Picking and Hit-Testing in Metal

In this article, we’ll see how to interact with our 3D scenes using a technique called picking. Picking helps us answer the question “What did the user just tap on?” More precisely, picking is the process of determining which object or objects in our scene are being indicated by an interaction like a mouse click or a touch on the screen. Picking is frequently used in 3D modeling and CAD programs to select objects for further manipulation, but many applications eventually require the user to interact with the scene, and picking is an essential tool for enabling such interactions.

Picking is mostly synonymous with hit-testing, which is the more commonly-used term when discussing 2D graphical user interfaces. In fact, you may already be acquainted with UIKit’s model for hit-testing. For the purposes of this article, picking and hit-testing are identical.

You can view and download the sample code for this article here.

A demonstration of selecting objects with picking
A demonstration of selecting objects with picking

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Rendering 3D Text with Core Text and libtess2

In this article, we’ll discuss how to create and render 3D text with Metal. Most applications need to render text, and there are many techniques for drawing 2D text with graphics APIs, from pre-rasterized font atlases, to signed-distance field methods like Chris Green’s seminal work at Valve or GLyphy, to cutting-edge vector-based solutions like Slug. Most of these techniques generalize to positioning 2D text in 3D environments as well. Some even allow text to conform to the contours of 3D objects.

The technique discussed here is not intended for general use in graphical user interfaces (GUIs), where you often see 2D text. Rather, this article is about how to create an extruded 3D mesh that represents a string of text. This kind of mesh has many uses, such as labeling objects in virtual/augmented reality or educational applications. Any time you need a piece of text to have some heft to it, you might consider using extruded text.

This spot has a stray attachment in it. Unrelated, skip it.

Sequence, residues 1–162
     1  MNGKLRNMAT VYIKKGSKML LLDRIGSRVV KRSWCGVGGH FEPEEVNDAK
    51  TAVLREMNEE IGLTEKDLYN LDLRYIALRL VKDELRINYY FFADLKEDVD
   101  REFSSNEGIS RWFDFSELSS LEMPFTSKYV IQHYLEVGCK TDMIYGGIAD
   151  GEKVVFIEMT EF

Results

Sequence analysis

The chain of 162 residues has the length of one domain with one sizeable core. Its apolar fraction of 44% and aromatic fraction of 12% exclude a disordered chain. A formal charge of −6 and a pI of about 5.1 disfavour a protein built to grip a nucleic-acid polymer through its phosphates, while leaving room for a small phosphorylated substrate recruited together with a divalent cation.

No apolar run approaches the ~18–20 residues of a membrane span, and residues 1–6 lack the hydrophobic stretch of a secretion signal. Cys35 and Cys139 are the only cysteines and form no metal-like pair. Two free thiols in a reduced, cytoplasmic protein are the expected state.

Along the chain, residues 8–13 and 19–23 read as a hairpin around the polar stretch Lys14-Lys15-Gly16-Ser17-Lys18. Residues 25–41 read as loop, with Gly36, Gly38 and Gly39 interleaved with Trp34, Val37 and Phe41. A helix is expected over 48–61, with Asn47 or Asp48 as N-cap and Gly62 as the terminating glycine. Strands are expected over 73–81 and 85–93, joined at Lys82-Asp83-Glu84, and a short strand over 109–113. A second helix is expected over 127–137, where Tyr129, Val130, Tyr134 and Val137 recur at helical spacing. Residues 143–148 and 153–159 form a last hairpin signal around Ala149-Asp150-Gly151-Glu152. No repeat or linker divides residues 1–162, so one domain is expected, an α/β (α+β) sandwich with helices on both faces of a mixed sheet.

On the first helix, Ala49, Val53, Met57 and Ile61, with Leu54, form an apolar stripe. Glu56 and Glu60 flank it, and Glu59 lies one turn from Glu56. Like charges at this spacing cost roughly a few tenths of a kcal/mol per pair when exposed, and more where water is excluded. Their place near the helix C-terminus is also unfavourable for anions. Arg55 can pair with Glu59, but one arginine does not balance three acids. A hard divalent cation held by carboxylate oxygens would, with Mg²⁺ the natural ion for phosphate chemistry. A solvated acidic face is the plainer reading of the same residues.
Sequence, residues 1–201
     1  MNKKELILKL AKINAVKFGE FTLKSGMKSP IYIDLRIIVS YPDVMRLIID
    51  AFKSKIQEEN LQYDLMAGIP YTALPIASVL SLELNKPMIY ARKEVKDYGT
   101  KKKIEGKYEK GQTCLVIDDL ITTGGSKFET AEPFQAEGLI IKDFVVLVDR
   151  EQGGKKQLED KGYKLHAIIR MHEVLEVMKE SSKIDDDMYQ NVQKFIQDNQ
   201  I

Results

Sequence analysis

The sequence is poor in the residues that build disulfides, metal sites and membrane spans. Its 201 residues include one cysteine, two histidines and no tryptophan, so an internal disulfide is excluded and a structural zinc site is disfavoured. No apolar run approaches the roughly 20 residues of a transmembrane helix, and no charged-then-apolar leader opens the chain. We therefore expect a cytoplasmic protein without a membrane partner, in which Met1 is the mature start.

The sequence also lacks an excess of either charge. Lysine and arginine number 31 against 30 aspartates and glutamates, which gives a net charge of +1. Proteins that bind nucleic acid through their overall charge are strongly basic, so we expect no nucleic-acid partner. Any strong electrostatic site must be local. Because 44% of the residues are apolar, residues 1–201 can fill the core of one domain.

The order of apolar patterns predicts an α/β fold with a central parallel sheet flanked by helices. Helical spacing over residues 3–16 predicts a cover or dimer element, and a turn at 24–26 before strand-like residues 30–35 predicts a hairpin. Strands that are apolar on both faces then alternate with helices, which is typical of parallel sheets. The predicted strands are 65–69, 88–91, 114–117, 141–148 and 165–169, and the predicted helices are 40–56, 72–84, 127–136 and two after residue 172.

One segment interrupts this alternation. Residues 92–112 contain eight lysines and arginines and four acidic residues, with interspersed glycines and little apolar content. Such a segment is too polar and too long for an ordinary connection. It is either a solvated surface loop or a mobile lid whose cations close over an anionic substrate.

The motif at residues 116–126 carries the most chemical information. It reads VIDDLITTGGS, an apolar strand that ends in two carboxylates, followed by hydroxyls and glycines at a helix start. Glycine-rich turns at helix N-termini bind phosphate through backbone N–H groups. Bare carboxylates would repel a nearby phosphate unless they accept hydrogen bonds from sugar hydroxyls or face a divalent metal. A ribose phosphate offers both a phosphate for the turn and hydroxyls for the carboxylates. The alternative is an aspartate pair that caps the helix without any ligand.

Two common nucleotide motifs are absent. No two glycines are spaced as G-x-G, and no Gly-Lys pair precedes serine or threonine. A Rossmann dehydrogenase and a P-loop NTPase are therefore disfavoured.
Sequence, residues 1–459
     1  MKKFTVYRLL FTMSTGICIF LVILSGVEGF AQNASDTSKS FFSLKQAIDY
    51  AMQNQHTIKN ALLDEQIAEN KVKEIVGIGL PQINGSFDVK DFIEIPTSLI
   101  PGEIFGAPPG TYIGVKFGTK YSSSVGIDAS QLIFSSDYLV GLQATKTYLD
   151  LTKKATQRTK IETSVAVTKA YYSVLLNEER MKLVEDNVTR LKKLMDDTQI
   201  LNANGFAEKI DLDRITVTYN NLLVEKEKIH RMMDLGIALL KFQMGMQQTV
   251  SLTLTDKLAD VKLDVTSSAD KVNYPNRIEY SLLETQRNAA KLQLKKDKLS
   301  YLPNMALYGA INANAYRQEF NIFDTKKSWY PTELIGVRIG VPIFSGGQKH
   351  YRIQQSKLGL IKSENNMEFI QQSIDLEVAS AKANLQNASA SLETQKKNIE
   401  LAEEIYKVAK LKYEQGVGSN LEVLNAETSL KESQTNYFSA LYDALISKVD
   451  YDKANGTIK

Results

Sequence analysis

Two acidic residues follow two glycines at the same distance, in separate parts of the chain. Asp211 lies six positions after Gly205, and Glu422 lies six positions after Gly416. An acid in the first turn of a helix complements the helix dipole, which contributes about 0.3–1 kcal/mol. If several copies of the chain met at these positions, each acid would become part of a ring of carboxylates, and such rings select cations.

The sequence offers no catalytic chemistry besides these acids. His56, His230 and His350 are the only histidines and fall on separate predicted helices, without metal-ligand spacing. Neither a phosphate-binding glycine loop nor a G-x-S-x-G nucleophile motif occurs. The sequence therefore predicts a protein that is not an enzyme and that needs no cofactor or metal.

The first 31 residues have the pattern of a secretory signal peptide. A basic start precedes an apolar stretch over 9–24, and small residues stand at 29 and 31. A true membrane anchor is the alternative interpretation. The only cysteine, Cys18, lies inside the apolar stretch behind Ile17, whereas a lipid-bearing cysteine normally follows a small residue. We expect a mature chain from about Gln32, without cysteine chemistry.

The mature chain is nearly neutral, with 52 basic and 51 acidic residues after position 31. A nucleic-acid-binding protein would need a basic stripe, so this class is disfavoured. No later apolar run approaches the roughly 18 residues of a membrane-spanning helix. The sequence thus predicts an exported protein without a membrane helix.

An example of the 3D text you can create with the technique described in this article.

You can download the sample code for this article here.

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Writing a Modern Metal App from Scratch: Part 2

In the previous article, we wrote enough Metal code to get the spinning silhouette of a teapot on the screen, but that still leaves a lot to be desired as far as a “modern” app is concerned. In this article, we’ll further flesh out the app and introduce lighting, materials, texturing, and managing multiple objects with scene graphs.

Remember that you can clone this Github repository to follow along with the sample code.

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Compressed Texture Formats in Metal

In this article, we will consider several GPU-friendly compressed texture formats. These formats allow us to trade some image quality for substantial improvements in disk usage and performance. In particular, we will look at the ETC2, PVRTC, and ASTC formats.

The sample app showcases a variety of compressed texture formats
The sample app showcases a variety of compressed texture formats

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